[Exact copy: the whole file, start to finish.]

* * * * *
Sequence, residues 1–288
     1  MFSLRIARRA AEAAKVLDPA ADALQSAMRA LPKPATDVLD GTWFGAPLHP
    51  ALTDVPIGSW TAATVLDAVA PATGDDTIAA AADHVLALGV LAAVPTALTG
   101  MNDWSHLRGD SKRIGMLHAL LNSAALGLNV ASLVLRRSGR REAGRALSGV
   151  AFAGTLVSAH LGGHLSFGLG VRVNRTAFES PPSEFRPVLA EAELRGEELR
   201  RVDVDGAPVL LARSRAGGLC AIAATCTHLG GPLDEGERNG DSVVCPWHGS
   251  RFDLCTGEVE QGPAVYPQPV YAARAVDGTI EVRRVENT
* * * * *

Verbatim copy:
Sequence, residues 1–288
     1  MFSLRIARRA AEAAKVLDPA ADALQSAMRA LPKPATDVLD GTWFGAPLHP
    51  ALTDVPIGSW TAATVLDAVA PATGDDTIAA AADHVLALGV LAAVPTALTG
   101  MNDWSHLRGD SKRIGMLHAL LNSAALGLNV ASLVLRRSGR REAGRALSGV
   151  AFAGTLVSAH LGGHLSFGLG VRVNRTAFES PPSEFRPVLA EAELRGEELR
   201  RVDVDGAPVL LARSRAGGLC AIAATCTHLG GPLDEGERNG DSVVCPWHGS
   251  RFDLCTGEVE QGPAVYPQPV YAARAVDGTI EVRRVENT